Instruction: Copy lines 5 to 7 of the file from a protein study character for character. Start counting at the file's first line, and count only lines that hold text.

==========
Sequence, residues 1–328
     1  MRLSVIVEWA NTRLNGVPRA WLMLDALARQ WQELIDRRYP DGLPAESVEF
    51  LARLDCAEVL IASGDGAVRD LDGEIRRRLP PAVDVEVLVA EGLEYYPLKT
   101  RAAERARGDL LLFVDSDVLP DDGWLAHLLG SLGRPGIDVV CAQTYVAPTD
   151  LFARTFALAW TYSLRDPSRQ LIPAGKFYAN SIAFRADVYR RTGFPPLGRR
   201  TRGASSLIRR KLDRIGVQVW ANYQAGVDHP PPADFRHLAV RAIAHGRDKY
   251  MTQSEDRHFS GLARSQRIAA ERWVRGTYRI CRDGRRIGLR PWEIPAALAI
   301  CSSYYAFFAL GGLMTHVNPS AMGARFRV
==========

   151  LFARTFALAW TYSLRDPSRQ LIPAGKFYAN SIAFRADVYR RTGFPPLGRR
   201  TRGASSLIRR KLDRIGVQVW ANYQAGVDHP PPADFRHLAV RAIAHGRDKY
   251  MTQSEDRHFS GLARSQRIAA ERWVRGTYRI CRDGRRIGLR PWEIPAALAI